Gov. Steve Sisolak signed an emergency directive today that makes it legally enforceable to close nonessential businesses in Nevada. Sisolak closed nonessential businesses — including restaurants, which were limited to takeout and delivery service only — on Tuesday to slow the spread of COVID-19, but some owners decided to remain open despite the mandate.
“I am no longer asking you to do that. I am directing all nonessential businesses to close. I repeat, if you’re not an essential business, I’m using my power as governor under an emergency declaration to order you to close,” Sisolak said in a press conference on Facebook. “This is not the time to look for loopholes.”
The new rule goes into effect at midnight and stays in place until April 16. He leaves the punishment, whether it’s a fine or revoking a business license, up to local governments to determine.
“If businesses defy this directive and stay open, state and local law enforcement will have the ability to treat this as a criminal act,” Sisolak said.
On Monday, Sisolak asked nonessential businesses including restaurants and bars to close in an effort to slow the spread of COVID-19. Casinos, hotels, and motels as well as restaurants and bars must remain closed for a minimum of 30 days. Casinos and resorts across the city closed their doors by noon on Tuesday, and dozens of restaurants made the pivot to takeout and delivery service to remain open.
Several local businesses boldly remained open after Sisolak’s mandate went into effect on Tuesday.
Deja Vu’s Little Darlings strip club defiantly stayed open, even planning to offer XXX nude hand sanitizer wrestling this weekend and drive-thru strip shows. Director of operations Ryan Carlson tells KTNV that he considers the strip club “easily one of the safest and cleanest places to be in Las Vegas.”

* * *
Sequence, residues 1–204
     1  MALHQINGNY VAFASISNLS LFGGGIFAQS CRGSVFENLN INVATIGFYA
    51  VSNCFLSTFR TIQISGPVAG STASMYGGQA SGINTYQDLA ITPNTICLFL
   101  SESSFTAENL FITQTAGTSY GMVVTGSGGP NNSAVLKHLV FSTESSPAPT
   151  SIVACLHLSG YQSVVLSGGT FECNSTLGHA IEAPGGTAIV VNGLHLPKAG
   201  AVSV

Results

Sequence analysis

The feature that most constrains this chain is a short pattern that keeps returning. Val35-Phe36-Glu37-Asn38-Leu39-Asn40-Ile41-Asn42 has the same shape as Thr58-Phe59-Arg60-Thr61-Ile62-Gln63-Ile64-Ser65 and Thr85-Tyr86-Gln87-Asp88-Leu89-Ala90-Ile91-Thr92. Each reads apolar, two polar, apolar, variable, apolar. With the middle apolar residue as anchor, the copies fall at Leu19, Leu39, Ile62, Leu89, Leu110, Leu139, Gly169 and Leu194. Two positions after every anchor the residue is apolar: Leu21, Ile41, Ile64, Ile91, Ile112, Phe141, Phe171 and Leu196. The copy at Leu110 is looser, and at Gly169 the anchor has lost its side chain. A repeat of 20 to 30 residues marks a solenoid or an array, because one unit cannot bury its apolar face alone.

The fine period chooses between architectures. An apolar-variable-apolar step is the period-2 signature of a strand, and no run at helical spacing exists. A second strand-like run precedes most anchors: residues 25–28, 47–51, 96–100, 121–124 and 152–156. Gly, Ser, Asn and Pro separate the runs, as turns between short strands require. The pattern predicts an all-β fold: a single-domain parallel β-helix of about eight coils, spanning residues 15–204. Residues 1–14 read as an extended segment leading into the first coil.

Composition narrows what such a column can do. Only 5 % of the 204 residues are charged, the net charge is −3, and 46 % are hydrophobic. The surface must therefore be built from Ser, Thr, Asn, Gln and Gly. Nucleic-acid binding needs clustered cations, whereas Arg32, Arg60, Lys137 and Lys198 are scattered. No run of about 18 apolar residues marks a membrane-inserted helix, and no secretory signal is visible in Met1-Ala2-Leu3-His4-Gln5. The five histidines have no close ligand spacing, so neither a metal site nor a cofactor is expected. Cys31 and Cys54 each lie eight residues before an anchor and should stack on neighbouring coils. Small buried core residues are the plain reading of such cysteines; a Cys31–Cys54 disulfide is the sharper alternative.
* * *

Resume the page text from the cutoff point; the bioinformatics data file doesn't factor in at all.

Fremont Street’s Heart Attack Grill remained open, even writing a now-deleted Instagram post boasting it was open for indoor dining, spankings, and the full bar, stating “non of this whimpy ‘take out only’ crap!”
That post came after the Las Vegas City Council meeting on March 18, where Mayor Carolyn Goodman pushed back against the decision to close nonessential businesses for 30 days.
“I am painfully aware and sensitive to the very many who live paycheck to paycheck,” Goodman said. “I know we and they cannot survive any total shutdown of the economy for any length of time beyond the immediate week or two.”
Sisolak’s order comes as the number of presumptive positive tests for COVID-19 in Nevada jumped by 70 percent since Tuesday. As of this morning, the state has 109 cases. On Thursday, the Southern Nevada Health District reported 74 confirmed cases of COVID-19 in Clark County and the death of a Clark County woman in her 60s with an underlying medical condition. So far, two people, both in Clark county, died from complications of COVID-19.
Sisolak also says that unemployed workers do not have to prove they are searching for work while on unemployment benefits, and they will not have to wait seven days to receive benefits. He also opened a special enrollment period with the Silver State Health insurance exchange for Nevadans to gain access to health insurance. “If you need health insurance. Do not wait.”